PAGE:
SEOUL • North Korea is expanding an important missile base that would be one of the most likely sites for deploying intercontinental ballistic missiles capable of reaching the United States, two experts on the North's missile programmes said, citing new research based on satellite imagery.
The activities at the Yeongjeo-dong missile base near North Korea's border with China and the expansion of a new suspected missile facility 11km away are the latest indications that North Korea is continuing to improve its missile capabilities, said Dr Jeffrey Lewis and Mr David Schmerler of the Middlebury Institute of International Studies at Monterey in California.
And they come despite President Donald Trump's repeated claims of progress in efforts to denuclearise the North.
Dr Lewis and Mr Schmerler said they were still not sure if Yeongjeo-dong and the new facility under construction in nearby Hoejung-ni, both in the mountainous area near North Korea's central border with China, were separate bases or parts of a larger single operation.
But their geographic locations make them ideal to "house long-range missiles", they said in a report they were preparing.
"The base is located in the interior of North Korea, backed up against the Chinese border," they said. "It is this location that leads us to believe that the general area is a strong candidate for the deployment of future missiles that can strike the United States."
Military planners in Seoul and Washington have long suspected that North Korea would deploy its intercontinental ballistic missiles as close to China as possible to reduce the likelihood of pre-emptive strikes from the US.
The base is located in the interior of North Korea, backed up against the Chinese border. It is this location that leads us to believe that the general area is a strong candidate for the deployment of future missiles that can strike the United States.
'' DR JEFFREY LEWIS AND MR DAVID SCHMERLER, from the Middlebury Institute of International Studies at Monterey in California.
"This is one of the important locations in North Korea that our military is monitoring in cooperation with the US," South Korean military spokesman Roh Jae-cheon said on Thursday about the North Korean base. He declined to share further details.
Following his June summit in Singapore with North Korean leader Kim Jong Un, Mr Trump claimed there was "no longer a nuclear threat from North Korea". His administration has also repeatedly claimed progress in talks with North Korea, citing the lack of nuclear and ballistic missile tests since the country launched its Hwasong-15 intercontinental ballistic missile in November last year.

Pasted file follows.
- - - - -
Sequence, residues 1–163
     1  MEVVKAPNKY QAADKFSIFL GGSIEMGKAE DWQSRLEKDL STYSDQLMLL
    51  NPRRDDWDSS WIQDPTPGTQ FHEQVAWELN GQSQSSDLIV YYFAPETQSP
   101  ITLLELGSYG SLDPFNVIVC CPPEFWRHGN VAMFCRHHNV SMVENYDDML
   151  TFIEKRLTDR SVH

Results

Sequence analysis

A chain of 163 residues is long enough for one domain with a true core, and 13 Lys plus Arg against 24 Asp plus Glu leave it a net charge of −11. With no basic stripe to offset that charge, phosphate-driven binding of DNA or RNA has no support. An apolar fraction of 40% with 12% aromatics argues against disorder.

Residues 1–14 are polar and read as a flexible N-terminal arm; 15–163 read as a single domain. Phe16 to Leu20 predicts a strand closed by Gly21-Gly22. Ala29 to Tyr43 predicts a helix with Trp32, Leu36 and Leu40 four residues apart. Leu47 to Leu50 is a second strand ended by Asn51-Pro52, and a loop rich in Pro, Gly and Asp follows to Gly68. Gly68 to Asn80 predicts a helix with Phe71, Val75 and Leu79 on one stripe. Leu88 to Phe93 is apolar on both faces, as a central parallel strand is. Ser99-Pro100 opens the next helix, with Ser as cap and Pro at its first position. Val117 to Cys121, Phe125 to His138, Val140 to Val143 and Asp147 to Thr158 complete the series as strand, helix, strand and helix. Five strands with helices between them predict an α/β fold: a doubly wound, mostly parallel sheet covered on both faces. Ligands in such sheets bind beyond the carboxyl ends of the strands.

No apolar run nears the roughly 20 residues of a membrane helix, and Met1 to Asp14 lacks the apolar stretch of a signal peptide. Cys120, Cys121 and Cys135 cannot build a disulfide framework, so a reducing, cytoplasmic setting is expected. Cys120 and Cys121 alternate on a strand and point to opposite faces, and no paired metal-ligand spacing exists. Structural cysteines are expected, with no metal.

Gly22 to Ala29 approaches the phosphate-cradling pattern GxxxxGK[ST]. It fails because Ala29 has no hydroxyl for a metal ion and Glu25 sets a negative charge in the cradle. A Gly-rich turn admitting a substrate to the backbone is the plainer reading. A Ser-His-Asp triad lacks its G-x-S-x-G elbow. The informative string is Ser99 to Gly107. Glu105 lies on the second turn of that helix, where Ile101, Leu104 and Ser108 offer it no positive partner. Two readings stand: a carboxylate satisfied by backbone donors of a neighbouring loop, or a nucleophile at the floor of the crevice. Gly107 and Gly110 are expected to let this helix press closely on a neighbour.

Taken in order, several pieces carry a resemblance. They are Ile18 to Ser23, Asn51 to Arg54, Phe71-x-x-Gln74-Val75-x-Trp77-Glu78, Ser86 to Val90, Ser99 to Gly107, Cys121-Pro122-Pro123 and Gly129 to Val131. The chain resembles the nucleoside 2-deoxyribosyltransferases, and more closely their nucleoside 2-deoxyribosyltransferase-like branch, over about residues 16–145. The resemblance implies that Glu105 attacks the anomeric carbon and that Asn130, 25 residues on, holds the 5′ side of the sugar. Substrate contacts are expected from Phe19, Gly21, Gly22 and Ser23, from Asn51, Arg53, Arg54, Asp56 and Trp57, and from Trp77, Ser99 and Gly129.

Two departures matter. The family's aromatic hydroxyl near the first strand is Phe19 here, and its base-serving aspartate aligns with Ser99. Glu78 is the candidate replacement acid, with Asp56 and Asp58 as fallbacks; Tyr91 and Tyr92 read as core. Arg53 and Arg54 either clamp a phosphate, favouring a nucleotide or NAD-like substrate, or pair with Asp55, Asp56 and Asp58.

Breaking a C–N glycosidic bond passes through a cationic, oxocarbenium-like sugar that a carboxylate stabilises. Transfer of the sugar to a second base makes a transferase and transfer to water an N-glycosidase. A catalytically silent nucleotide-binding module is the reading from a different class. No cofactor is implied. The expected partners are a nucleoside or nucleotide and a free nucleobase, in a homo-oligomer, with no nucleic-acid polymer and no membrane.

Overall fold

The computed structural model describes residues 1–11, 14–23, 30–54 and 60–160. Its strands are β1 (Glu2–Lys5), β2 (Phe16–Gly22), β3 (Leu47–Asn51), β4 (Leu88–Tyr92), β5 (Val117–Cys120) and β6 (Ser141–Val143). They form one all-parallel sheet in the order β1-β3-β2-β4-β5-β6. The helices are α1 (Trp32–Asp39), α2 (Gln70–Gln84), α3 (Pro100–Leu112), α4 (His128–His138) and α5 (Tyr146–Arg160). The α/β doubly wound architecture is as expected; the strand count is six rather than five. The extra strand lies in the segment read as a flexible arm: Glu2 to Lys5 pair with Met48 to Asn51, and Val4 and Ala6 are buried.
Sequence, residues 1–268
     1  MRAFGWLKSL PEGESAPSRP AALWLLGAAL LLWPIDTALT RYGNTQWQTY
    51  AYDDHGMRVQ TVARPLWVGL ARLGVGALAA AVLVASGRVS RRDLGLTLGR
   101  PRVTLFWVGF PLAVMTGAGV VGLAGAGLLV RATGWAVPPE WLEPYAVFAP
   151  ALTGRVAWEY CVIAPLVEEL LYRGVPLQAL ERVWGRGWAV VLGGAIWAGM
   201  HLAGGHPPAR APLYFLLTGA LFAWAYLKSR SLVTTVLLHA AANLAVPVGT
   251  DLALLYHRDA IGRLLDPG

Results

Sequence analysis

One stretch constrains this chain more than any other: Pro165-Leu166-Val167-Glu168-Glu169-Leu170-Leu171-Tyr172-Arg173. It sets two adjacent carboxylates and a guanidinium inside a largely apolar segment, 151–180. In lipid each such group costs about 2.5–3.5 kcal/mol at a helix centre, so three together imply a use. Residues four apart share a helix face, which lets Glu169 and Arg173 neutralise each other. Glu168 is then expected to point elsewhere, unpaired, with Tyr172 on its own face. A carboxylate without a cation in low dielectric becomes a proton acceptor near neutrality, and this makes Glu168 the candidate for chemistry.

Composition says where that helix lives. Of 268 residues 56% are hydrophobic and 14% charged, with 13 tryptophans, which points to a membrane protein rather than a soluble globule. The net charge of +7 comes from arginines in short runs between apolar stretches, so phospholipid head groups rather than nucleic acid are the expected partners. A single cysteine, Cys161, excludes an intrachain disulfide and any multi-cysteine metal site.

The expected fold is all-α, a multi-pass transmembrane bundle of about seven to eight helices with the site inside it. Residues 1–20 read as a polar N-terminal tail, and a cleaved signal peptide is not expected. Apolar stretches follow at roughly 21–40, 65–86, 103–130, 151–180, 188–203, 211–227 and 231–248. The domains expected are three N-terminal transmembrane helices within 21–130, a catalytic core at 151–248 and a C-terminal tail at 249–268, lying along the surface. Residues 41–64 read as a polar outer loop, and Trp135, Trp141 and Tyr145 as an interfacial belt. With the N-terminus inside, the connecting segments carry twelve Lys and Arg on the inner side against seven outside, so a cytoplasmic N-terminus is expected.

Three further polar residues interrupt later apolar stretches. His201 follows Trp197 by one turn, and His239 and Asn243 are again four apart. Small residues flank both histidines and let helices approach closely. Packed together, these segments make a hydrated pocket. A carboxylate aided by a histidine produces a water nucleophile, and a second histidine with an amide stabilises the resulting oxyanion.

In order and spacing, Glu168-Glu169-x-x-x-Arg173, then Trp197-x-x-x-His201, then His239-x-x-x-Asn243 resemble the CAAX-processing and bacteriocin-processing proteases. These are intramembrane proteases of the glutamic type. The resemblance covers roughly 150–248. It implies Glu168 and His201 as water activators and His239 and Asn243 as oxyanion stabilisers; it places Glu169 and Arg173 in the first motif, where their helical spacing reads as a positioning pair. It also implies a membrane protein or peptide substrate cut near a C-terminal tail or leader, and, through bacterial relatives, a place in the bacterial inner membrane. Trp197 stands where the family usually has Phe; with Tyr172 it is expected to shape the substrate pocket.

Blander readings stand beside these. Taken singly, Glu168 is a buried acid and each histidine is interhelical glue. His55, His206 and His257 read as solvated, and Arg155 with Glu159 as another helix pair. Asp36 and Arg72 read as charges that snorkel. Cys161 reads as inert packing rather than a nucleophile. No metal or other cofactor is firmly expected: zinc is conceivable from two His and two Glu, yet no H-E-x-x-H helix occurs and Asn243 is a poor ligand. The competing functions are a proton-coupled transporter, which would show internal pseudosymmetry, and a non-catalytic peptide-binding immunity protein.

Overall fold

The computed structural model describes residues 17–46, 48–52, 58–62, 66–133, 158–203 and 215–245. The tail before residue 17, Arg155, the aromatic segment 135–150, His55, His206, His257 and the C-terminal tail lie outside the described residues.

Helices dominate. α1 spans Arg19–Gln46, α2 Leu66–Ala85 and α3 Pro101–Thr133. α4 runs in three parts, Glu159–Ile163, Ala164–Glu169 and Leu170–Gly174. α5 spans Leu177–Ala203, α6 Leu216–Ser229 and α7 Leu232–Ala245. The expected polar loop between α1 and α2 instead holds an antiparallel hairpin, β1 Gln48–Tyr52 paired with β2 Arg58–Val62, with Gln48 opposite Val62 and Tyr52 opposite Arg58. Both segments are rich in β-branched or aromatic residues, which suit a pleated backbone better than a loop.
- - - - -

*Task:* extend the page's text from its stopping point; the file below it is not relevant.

That missile was considered by some experts to be capable of reaching continental US, although North Korea is not yet believed to have the ability to deliver nuclear warheads on such missiles.
In April, Mr Kim placed a moratorium on nuclear or long-range missile tests, saying his country no longer needed to conduct them. He later shut his country's only known nuclear test site and offered to demolish a stand for testing missile engines.
In his meeting with Mr Trump, Mr Kim made a vague pledge to "work towards the complete denuclearisation of the Korean peninsula" in return for "new" relations and security guarantees from Washington. But Mr Kim has yet to clarify whether and when he might dismantle his nuclear warheads and delivery missiles. Nor has he abandoned instructions to "mass produce" these weapons.
In their new report, Dr Lewis and Mr Schmerler said that while closing the test stand would make it harder for the North to design new kinds of missiles, "it would not prevent North Korea from continuing to mass produce and deploy existing types of nuclear-armed missiles that can strike the US". Those missiles are being deployed at bases throughout North Korea despite the Singapore meeting, they said.
"Any denuclearisation agreement would require North Korea to allow international inspectors to determine that these units are no longer armed with nuclear weapons," they said.